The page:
The Guardian piece was frighteningly prescient. All the steps above have not only been taken but have become giant strides on the road to opening up children’s social care to a commercial privatised for-profit market place. Seventy-six per cent of children’s homes and forty per cent of foster placements in England are now provided by profit-taking private companies, and almost a fifth of social workers within local authority children’s social services are employed through private employment agencies.
So why the concern about the review of children’s social care now launched by the government? First, the Conservative governments of Cameron, May and Johnson have promoted and pushed privatisation despite its high costs and its failures. Just look at how those within Conservative networks have benefitted financially from the government’s awful handling of the pandemic crisis, such as the Baroness Harding’s Serco-led mislabelled NHS track and trace.
Secondly, those advising government on children’s social care, including the chief social worker in the Department for Education, have been allies of privatisation whilst undermining and critical of social workers. The chief social worker for children, for example, has stated that social workers still had to earn public credibility and that social workers’ regulation should be politically controlled.
Third, the government has appointed someone to lead the review who is well immersed in government-favoured networks, has already been placed by the government in positions of influence within children’s social care, and whose networks extend into international firms of management consultants and hedge funds who have championed the privatisation of public services.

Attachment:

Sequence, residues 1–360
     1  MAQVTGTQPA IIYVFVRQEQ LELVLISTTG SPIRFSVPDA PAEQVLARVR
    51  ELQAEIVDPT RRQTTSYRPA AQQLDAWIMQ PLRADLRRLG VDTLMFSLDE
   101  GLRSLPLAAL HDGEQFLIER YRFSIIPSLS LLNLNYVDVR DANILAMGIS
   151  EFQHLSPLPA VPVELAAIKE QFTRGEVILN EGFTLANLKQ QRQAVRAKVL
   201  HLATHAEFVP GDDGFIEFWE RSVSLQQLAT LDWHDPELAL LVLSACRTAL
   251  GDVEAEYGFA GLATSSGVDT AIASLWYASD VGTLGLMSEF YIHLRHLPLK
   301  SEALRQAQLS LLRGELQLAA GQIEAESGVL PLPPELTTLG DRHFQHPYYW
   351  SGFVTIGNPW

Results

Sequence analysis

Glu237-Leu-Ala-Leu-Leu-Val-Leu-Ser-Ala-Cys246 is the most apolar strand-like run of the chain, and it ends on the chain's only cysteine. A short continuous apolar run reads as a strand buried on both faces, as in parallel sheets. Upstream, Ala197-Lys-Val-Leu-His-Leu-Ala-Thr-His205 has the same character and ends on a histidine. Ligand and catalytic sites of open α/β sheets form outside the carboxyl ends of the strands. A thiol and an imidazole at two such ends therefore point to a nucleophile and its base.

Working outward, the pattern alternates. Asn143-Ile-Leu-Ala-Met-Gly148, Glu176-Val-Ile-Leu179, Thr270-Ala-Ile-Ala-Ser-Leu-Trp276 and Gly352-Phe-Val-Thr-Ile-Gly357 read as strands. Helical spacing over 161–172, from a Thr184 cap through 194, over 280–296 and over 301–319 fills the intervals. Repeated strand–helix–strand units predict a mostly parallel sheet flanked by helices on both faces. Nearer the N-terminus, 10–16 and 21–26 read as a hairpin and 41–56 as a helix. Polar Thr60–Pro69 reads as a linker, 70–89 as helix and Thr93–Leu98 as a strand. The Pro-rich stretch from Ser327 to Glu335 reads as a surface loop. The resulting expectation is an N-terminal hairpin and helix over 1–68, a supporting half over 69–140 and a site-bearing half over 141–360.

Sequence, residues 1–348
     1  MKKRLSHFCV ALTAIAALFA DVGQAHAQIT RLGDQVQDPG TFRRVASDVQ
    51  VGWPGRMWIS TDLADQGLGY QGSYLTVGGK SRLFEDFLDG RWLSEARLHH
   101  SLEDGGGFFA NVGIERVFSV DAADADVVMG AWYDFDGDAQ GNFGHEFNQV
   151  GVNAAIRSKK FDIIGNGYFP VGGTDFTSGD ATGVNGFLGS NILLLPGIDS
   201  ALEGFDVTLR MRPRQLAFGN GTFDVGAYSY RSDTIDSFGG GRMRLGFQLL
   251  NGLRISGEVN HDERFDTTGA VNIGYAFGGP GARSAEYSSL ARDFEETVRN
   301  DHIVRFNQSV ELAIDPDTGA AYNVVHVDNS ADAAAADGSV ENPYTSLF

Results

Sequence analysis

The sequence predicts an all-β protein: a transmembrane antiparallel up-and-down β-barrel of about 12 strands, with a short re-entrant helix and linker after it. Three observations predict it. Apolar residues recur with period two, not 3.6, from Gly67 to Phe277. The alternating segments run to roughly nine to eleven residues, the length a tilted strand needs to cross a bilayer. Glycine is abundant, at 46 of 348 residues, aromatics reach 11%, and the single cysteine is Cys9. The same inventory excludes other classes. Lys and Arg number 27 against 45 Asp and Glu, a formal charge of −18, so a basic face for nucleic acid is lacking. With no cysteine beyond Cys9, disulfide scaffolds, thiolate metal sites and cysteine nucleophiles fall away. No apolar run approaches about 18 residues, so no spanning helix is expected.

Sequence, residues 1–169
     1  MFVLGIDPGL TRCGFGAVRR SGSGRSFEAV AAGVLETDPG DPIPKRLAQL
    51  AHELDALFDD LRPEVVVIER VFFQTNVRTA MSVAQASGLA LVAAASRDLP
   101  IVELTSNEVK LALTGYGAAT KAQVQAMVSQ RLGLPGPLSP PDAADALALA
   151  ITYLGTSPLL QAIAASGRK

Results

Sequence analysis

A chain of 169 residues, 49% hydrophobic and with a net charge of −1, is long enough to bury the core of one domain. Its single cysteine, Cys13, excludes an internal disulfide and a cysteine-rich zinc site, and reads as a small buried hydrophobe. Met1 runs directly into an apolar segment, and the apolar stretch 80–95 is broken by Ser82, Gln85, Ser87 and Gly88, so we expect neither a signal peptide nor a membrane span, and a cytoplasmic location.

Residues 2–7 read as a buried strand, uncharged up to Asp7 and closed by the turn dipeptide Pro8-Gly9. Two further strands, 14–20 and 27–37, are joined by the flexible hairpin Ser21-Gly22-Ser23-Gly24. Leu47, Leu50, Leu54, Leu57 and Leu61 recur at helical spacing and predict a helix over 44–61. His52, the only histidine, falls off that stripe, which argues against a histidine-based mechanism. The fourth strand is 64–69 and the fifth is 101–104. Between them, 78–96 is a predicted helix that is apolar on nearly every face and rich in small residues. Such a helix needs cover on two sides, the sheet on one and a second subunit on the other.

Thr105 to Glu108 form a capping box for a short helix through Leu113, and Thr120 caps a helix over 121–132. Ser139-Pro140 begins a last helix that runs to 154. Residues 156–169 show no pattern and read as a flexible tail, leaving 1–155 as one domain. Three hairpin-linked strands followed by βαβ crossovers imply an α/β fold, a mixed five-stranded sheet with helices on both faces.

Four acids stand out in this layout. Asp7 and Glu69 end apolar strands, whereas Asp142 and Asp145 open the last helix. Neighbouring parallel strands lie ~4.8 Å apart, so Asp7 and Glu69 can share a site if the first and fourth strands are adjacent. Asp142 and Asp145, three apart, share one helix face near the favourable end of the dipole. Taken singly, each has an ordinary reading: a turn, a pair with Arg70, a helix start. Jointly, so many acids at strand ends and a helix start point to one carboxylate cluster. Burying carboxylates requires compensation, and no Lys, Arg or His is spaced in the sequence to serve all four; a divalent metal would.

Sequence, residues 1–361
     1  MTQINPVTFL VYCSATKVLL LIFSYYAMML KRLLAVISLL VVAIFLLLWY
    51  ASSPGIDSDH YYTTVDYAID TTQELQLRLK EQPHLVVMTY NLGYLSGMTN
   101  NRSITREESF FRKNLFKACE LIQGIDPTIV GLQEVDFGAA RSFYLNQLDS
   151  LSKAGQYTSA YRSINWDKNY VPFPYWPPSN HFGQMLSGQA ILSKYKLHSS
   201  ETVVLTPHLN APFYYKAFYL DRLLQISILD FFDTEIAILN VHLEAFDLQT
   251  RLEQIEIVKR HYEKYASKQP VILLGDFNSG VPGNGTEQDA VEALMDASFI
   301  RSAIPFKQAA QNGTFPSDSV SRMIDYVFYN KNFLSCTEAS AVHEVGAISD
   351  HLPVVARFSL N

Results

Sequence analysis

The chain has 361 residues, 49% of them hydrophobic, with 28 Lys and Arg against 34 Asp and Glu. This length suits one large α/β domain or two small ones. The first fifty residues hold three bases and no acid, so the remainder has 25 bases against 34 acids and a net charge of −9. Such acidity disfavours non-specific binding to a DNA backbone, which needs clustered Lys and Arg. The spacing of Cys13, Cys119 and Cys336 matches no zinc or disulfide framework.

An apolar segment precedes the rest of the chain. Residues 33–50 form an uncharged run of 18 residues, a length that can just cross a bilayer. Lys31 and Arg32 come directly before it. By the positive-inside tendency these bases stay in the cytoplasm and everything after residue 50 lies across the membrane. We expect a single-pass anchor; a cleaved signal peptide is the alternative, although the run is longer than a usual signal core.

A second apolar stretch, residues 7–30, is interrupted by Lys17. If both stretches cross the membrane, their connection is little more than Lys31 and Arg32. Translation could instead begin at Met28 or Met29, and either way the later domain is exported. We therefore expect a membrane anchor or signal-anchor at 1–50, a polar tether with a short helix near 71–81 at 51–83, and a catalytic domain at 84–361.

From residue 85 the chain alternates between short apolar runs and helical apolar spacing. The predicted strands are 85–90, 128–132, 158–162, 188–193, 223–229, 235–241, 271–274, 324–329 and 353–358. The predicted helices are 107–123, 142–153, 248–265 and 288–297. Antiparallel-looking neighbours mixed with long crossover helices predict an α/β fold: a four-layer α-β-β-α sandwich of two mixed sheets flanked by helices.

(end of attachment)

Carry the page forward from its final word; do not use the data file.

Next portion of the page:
The concern about the children’s social care review is that it is not independent and that it has every danger and promise of being another vehicle to motor along on the route already planned and being progressed by the government. And beware of being dazzled by the headlights of government protestations about wanting a better future for children when it is explicitly creating greater and more severe poverty and deprivation for children – hunger and homelessness being just two symbols of what the government is achieving.
Yes – it would be timely to be reviewing the current state of children’s social care, but it would be sensible and necessary to recognise the politically-determined damage done over the last ten years.
What is required is a review which is independent of government. At the least it should be commissioned and shaped as a cross-party review. Those conducting the review should not be only determined and within the gift of the government but chosen because of their widely-recognised personal and professional experience and expertise. It is not too late to regain the ground the government has already lost in announcing what it itself describes as a once-in-lifetime review.
Ray Jones has more than 40 years’ experience as a social worker and was a director of social services for 14 years. He is the author of six books, including the best-selling ‘The Story of Baby P: Setting the Record Straight’ (Policy Press 2014). In 2017 he received the Social Worker of the Year Award for Outstanding Contribution to Social Work. He is now emeritus professor of social work at Kingston University and St George’s, University of London.
Picture credit: U.S. Embassy London